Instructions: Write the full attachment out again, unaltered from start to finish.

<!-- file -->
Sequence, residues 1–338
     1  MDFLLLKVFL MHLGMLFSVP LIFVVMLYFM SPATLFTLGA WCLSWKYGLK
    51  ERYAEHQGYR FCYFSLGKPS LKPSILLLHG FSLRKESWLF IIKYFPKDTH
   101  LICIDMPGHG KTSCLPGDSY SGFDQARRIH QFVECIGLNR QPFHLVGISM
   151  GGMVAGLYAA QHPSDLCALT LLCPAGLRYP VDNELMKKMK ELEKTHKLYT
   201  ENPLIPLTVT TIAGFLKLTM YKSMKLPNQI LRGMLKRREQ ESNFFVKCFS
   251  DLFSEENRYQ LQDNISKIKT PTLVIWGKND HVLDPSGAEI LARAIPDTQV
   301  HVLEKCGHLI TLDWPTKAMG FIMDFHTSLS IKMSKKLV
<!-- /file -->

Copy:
Sequence, residues 1–338
     1  MDFLLLKVFL MHLGMLFSVP LIFVVMLYFM SPATLFTLGA WCLSWKYGLK
    51  ERYAEHQGYR FCYFSLGKPS LKPSILLLHG FSLRKESWLF IIKYFPKDTH
   101  LICIDMPGHG KTSCLPGDSY SGFDQARRIH QFVECIGLNR QPFHLVGISM
   151  GGMVAGLYAA QHPSDLCALT LLCPAGLRYP VDNELMKKMK ELEKTHKLYT
   201  ENPLIPLTVT TIAGFLKLTM YKSMKLPNQI LRGMLKRREQ ESNFFVKCFS
   251  DLFSEENRYQ LQDNISKIKT PTLVIWGKND HVLDPSGAEI LARAIPDTQV
   301  HVLEKCGHLI TLDWPTKAMG FIMDFHTSLS IKMSKKLV